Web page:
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How to hide processes from other users in Linux’s “top”

A few months ago, I had to set up a server where a bunch of people would need to connect to directly access a MariaDB SQL database, with also an SSH access for tunneling. A few users would also use that server for other purposes, and I didn’t want everyone to view everyone else’s processes, which to my surprise was possible by default (if any user runs top, they can see everyone’s running processes :s).

Starting with Linux kernel version 3.2, a setting was (finally) added to prevent unprivileged users from seeing each others’ processes. Basically, you need to set the hidepid option to 2 for the /proc filesystem:

nano /etc/fstab
– Find the line starting with “proc”
– Add hidepid=2 to the options

For instance, the line:

proc            /proc   proc    defaults      0       0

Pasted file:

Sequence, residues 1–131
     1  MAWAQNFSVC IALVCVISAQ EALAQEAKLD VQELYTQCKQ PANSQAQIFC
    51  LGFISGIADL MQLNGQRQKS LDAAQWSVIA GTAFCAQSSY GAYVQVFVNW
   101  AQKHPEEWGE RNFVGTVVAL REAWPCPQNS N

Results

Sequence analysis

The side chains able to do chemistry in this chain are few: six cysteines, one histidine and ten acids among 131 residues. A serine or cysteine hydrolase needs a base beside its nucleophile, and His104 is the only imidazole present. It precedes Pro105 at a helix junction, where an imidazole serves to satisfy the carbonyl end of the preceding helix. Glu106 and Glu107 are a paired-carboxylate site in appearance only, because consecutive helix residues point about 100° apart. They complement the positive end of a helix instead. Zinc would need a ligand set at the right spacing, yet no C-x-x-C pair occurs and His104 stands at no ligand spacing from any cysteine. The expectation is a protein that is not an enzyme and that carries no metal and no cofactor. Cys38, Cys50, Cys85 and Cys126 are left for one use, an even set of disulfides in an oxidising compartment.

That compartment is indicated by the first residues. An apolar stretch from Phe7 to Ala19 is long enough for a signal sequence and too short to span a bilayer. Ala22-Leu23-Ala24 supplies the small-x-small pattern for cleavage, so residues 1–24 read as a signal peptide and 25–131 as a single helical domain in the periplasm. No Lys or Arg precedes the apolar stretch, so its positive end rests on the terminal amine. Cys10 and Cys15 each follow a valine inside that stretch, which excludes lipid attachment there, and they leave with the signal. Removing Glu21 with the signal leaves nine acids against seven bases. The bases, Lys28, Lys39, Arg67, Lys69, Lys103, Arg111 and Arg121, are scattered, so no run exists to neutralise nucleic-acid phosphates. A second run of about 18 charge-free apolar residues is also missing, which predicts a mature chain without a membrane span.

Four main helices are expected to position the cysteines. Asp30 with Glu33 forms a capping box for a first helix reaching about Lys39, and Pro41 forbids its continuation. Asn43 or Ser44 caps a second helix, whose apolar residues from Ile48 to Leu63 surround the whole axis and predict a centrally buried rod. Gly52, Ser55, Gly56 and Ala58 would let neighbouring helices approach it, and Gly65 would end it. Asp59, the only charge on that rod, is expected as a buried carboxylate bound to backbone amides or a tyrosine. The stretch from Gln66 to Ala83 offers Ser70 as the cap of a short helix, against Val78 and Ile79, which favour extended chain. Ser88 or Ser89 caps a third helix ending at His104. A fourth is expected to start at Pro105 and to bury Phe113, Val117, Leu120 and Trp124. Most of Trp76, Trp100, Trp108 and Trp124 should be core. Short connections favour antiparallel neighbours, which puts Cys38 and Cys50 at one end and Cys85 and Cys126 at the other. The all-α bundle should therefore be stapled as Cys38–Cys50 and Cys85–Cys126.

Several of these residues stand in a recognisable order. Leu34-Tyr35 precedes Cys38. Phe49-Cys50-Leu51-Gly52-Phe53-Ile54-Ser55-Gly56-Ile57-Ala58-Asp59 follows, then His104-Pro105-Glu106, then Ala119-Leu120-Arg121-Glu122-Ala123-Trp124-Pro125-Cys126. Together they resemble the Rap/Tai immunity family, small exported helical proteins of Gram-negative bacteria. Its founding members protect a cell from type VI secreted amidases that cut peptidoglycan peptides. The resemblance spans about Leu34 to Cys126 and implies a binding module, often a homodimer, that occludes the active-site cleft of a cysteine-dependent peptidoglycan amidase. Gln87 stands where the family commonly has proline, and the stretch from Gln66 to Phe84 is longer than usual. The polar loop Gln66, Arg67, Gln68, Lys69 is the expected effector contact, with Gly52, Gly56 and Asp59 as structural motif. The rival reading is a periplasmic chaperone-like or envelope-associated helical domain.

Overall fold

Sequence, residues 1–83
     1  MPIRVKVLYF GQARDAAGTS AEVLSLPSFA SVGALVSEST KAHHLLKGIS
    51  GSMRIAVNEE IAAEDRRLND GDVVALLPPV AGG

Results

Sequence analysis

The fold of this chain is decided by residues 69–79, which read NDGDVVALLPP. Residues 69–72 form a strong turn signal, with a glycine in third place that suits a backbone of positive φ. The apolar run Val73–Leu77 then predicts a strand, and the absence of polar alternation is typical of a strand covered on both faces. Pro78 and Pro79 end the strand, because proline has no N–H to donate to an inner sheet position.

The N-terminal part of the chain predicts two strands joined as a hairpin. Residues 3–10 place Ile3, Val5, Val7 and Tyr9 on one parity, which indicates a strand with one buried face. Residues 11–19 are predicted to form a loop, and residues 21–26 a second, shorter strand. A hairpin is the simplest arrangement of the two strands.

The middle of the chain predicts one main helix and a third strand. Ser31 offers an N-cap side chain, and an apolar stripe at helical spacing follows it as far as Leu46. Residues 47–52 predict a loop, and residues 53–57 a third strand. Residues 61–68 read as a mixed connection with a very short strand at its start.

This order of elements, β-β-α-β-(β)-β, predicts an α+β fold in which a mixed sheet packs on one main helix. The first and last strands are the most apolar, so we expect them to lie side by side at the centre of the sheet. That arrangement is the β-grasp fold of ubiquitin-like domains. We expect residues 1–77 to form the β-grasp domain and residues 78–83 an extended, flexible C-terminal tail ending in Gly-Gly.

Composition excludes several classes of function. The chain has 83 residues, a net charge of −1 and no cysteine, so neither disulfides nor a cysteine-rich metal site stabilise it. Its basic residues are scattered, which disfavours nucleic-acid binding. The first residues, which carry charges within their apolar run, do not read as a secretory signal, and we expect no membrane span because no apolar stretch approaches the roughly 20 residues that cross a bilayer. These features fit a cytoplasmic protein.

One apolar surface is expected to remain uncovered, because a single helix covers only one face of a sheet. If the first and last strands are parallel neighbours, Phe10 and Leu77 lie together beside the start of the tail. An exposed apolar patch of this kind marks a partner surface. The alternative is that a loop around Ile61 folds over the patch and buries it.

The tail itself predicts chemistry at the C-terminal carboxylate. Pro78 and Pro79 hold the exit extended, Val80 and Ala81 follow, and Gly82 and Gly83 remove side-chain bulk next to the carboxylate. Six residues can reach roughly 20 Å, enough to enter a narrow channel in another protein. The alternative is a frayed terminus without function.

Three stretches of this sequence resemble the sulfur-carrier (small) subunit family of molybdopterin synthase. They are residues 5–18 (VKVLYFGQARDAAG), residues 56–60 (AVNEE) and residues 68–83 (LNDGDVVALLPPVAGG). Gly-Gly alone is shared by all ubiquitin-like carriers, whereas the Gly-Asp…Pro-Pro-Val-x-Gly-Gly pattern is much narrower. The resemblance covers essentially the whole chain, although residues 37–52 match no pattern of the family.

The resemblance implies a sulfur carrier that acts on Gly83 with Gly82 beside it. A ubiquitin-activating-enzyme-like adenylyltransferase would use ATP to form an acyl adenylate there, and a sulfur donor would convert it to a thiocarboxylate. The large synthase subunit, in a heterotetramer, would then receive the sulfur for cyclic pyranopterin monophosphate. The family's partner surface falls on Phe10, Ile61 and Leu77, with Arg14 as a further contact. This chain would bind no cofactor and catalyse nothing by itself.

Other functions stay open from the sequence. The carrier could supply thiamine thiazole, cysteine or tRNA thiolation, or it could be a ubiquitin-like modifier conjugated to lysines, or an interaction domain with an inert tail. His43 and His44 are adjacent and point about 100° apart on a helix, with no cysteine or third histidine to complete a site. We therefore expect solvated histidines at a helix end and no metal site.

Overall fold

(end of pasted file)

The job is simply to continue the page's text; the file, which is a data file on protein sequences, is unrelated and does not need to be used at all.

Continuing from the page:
proc            /proc   proc    defaults,hidepid=2      0       0

Then don’t forget to save and restart

Note that sometimes the proc line can be missing (I have this case on a VPS), I’m not sure what should be done then… Maybe adding the proc line as quoted above would work (?)

Update (2018-09-10)

I just had the case of the missing proc line in a recent install of Kubuntu 18.04 on a new PC (which used UUID= as a way to name devices in there), and adding the proc line, as mentioned in this old Red Hat ticket, did work. Here’s my full /etc/fstab file, for illustration purpose:

# /etc/fstab: static file system information.
# Use 'blkid' to print the universally unique identifier for a
# device; this may be used with UUID= as a more robust way to name devices
# that works even if disks are added and removed. See fstab(5).
# / was on /dev/sda2 during installation
UUID=7d74ab46-7af7-4f19-8063-89cb86870a83 /               ext4    errors=remoun$
# /boot/efi was on /dev/sda1 during installation
UUID=DB49-AA98  /boot/efi       vfat    umask=0077      0       1
/swapfile                                 none            swap    sw           $
proc            /proc   proc    defaults,hidepid=2      0       0

Posted in Linux, servers.

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